The life of Mary Ann McCracken, democrat and social reformer, has been overshadowed by the life of her more famous brother, Henry Joy, although she outlived him by 68 years and was politically active until just a few years before her death at the age of 96.
Mary Ann was born in 1770, the same year as Beethoven, when British slave-based planting and commercial profits came to £3.8 million (circa £450 million in contemporary terms) and at a time when Belfast, like the rest of the country, was experiencing enormous industrial disruption and social change. Irish industry was being systematically destroyed by economic policies designed to protect the interests of English and Scottish industrialists. Mary Ann’s family, however, were relatively prosperous and by the time of her birth well-established and prominent in Belfast social and commercial life. Mary Ann’s liberal and far-sighted parents sent her to David Manson’s progressive co-educational school, where ‘young ladies’ received the same education as the boys; Mary Ann excelled at mathematics.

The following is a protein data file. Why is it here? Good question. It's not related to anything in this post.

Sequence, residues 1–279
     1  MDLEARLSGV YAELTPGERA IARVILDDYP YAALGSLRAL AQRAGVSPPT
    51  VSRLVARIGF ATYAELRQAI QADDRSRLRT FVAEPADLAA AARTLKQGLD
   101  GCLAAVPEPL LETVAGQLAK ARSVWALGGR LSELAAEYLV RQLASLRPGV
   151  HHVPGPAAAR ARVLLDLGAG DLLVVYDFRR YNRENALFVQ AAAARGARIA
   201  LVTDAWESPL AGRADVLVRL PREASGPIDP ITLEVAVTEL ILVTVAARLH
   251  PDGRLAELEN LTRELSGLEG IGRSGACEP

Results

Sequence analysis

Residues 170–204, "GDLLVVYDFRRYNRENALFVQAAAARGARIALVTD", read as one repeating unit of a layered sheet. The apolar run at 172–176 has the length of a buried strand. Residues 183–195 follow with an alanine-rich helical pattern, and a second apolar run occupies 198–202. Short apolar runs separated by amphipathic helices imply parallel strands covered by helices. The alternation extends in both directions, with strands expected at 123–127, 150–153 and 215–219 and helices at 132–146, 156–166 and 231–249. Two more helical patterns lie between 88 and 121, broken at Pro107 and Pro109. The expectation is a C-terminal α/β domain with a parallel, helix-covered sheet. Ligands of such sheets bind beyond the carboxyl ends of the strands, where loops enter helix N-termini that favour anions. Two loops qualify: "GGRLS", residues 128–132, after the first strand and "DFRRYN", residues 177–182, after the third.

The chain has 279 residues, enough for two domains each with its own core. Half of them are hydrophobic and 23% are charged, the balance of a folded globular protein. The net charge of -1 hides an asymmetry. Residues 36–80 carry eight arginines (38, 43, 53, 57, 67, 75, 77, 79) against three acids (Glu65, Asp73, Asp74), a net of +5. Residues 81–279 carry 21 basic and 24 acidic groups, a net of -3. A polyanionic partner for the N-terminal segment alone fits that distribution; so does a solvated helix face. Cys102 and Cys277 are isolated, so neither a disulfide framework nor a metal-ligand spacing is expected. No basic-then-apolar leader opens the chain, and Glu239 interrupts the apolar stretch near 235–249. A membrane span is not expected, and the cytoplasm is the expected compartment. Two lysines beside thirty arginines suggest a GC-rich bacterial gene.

All lectures will be held in St.Mary’s Parish Centre, Chapel Road, Cushendall, commencing at 8.30pm